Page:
Over the next few years he began to have periodic serious spikes in fever, some infection, days off from work, and an early retirement from teaching in 1991. His first very serious bout was in April 1996, with life-threatening Septicemia and Septic Shock, a result of the blood poisoning, with ten days hospital stay. Antibiotics saved his life.
Over the years, as the episodes of Septicemia increased, Raymond has been to the emergency an average of 5-6 times a year, some resulting in hospital stays (there were many, many home episodes when Tylenol worked). He has had numerous ERCP procedures - a tube inserted into the throat and the bile duct cleaned. The bypass procedure cannot be corrected. The repeated attacks on his immune system have resulted in some autoimmune disorders; Myasthenia Gravis - affecting the entire body muscle system, resulting in loss of mobility; damaged lungs - resulting in shortness of breath and on-going infections. He also has Prostate Cancer, and Atrial fib. Raymond has never been a smoker, has been active in sports and a walker most of his life. He now uses a walker or wheelchair.
The greatest challenges I have had, over the years: first, the unpredictable episodes of his spiked fever, which could happen in the space of one to two hours. The taking of Tylenol would begin; we would wait an hour; and if it continued to spike, it was the ambulance to hospital. The suddenness of the fever and serious outcome meant I could not leave him alone; the decision making; the anxiety as to whether he needed an ambulance; some sleeping disorder as it would often occur at night; eating disorder with weight loss. His constant unwellness required my decision to retire from my volunteer work, specifically in the church, and with Meals on Wheels. This resulted in a form of being cut off from people; the danger of going out for any event thus leaving him alone. I developed a serious anxiety disorder. We are striving to seek more help to assist this concern.
The things I am most grateful for: my good health which allows me to care for Raymond; his good spirit, good nature, which makes all things manageable; support of family; wonderful doctors (he has six) who care for him; the Caregivers Nova Scotia Support Group who inform us of available support, and opportunity to share with others, caring Paramedics who come; antibiotics; Emergency Room Staff who give Raymond marvellous care, often with follow-up phone calls. I still have him in my life!!!
My Name is Christina and I am a caregiver to my husband Chris.
Chris was diagnosed with Parkinson's disease over ten years ago and in the last year and a half has suffered from Multiple Myeloma (i.e., blood cancer). Chris had his last of nine months' weekly chemotherapy treatment. I am grateful for the support I received from Caregivers Nova Scotia and the network of caregivers, which meet once a month. They are a great source of experience, information, and support.
I attended workshops and through resource material learned how to plan for future needs, seek home care services, deal with health assessments, and received personal support. I no longer feel alone and overwhelmed with our current situation. Friends and family sometimes do not understand how difficult and lonely a caregiver job can be. The stress and responsibility to care for a loved one can increase with new tasks the caregiver takes when her partner is no longer able to make decisions, help with daily tasks, or enjoy in activities that both shared before the illness.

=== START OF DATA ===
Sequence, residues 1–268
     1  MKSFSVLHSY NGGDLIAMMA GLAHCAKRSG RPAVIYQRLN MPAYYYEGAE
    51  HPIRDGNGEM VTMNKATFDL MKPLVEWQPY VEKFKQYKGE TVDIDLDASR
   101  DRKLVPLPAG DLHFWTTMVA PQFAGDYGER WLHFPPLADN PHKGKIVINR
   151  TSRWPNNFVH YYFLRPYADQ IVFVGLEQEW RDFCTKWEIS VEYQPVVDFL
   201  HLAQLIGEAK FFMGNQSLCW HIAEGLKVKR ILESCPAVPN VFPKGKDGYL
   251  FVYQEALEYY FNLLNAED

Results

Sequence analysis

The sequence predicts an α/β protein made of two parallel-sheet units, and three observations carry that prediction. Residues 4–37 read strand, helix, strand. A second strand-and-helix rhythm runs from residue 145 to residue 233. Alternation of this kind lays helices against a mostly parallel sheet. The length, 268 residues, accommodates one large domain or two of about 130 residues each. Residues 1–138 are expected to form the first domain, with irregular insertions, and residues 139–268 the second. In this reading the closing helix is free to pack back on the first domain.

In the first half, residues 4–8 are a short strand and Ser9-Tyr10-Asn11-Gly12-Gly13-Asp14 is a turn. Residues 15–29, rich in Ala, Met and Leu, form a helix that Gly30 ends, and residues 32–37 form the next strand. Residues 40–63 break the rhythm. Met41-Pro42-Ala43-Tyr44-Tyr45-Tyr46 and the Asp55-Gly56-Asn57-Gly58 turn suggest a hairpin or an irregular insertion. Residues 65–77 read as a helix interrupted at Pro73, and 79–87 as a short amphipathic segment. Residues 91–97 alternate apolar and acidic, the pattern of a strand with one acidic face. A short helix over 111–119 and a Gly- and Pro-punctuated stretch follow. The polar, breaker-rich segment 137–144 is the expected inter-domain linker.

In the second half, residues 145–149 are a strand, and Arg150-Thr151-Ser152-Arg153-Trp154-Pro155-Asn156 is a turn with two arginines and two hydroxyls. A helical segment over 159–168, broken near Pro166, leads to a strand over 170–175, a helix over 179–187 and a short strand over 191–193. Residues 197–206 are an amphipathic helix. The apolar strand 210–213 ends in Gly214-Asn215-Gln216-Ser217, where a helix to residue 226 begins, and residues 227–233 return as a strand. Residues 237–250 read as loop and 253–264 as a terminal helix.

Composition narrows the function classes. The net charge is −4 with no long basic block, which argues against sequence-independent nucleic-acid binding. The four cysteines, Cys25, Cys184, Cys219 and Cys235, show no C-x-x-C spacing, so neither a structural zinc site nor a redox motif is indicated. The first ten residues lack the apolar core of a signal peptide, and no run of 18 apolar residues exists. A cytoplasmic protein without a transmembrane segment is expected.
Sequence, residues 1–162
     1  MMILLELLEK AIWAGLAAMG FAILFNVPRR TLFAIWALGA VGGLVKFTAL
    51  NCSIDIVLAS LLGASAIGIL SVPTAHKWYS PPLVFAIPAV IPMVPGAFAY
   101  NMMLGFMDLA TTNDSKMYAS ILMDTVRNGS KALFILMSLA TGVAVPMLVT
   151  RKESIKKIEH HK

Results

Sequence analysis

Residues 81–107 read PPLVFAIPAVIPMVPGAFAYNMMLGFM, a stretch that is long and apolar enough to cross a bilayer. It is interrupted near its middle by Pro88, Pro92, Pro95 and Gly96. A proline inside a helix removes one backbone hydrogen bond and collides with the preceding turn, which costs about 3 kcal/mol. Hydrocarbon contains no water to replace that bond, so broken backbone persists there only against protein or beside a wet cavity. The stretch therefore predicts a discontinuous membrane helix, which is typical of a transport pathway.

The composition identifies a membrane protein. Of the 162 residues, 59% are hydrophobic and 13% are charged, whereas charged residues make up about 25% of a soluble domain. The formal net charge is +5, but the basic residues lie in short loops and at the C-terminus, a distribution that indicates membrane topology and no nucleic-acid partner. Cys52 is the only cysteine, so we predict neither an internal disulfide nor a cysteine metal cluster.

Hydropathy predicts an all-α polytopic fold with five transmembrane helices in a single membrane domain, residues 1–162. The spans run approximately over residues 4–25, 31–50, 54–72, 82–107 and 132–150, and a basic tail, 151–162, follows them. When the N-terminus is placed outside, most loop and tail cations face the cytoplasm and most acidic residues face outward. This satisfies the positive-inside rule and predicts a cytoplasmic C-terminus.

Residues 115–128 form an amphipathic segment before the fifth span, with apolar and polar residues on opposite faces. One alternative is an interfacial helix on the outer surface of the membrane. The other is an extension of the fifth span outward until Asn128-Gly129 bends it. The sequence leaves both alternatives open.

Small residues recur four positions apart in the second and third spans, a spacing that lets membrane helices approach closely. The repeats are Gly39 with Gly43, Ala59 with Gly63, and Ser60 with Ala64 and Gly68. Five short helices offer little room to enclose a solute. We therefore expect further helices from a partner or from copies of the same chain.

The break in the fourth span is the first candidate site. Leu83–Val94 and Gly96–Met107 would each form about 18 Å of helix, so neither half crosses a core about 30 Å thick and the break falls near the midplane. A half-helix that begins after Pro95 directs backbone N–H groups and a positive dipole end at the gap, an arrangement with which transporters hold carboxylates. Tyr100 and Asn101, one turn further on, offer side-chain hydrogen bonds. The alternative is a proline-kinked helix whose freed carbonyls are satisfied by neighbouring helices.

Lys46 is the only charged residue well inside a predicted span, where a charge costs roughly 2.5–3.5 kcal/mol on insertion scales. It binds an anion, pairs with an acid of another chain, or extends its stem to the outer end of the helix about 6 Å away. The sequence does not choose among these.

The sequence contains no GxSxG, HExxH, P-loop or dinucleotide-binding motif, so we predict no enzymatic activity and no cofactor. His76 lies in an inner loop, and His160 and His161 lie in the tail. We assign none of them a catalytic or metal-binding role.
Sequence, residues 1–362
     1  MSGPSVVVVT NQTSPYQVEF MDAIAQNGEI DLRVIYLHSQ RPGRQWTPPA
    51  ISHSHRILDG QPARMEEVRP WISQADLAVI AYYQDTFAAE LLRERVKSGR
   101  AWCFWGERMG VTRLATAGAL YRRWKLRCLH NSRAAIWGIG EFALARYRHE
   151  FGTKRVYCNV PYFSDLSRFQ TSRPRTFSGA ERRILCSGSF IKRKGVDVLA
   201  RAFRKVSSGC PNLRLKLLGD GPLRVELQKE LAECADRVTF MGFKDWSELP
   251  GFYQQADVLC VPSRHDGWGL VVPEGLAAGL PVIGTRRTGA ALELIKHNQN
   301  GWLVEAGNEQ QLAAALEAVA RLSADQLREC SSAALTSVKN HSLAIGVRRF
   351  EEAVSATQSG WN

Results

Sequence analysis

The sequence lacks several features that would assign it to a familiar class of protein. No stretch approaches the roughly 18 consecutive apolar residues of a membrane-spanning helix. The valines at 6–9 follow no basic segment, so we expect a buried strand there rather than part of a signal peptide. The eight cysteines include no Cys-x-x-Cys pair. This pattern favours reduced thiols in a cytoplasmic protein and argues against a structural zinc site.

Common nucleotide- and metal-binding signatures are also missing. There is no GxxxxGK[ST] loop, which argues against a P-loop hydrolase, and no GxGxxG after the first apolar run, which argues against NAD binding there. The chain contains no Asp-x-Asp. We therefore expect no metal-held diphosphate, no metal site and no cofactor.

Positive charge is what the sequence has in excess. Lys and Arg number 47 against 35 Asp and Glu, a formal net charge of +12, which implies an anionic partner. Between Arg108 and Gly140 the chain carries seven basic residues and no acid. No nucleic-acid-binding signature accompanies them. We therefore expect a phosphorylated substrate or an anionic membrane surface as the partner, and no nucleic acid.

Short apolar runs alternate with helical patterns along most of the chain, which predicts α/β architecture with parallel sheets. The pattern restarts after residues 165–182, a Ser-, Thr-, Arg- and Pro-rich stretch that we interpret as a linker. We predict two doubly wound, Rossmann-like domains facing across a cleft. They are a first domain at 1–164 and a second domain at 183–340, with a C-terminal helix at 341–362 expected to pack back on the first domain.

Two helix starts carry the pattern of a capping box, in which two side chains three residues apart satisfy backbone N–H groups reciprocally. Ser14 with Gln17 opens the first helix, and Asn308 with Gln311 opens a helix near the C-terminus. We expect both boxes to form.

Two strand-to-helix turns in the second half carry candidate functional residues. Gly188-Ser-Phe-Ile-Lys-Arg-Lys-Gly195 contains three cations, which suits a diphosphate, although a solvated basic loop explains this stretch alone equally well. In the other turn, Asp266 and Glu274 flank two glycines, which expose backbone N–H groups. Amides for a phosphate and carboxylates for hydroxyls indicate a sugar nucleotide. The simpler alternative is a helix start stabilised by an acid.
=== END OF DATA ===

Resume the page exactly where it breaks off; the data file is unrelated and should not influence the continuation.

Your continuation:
My name is Ann and I have been a caregiver for my husband Leslie since 2003.
It all started with a brain tumour for which he had surgery which turned into an infection of the brain for which he had surgery and, miraculously, he recovered. Through regular checkups came the diagnosis of thyroid cancer for which he had surgery and then after a short reprieve came the diagnosis of prostate cancer. Then came the diagnosis of bladder cancer. After a time, he was told that he had terminal cancer for which he could not be treated, other than comfort care.
Through all of this he has kept his sense of humour and his spirit, which has helped us both to live each day, albeit challenging at times for me. Over the years I had to take on many more tasks dealing with household as well as financial matters, doctors visits and hospital stays and advocating for him in many ways. At times the stresses were taking a toll on my health and it took me away from my work (a trained care provider in Long Term care) for months at a time. I joined a caregiver support group through Caregivers Nova Scotia which helped me to deal with many of the problems that I was experiencing and in the process gained some much-needed support, understanding, and friendship from the members of the group and the information necessary to handle what needs to be dealt with in times like these. I am very grateful to all the wonderful people I have met through this experience and the doctors that have looked after us both through it all.
My name is Bill and I am a caregiver to my wife, Carol for the past 15 years or so. She has MS and finds it difficult to do some everyday chores without help. That is where I come in. Her mobility is restricted to being in a wheelchair. Since her diagnosis, we both had to learn everything new.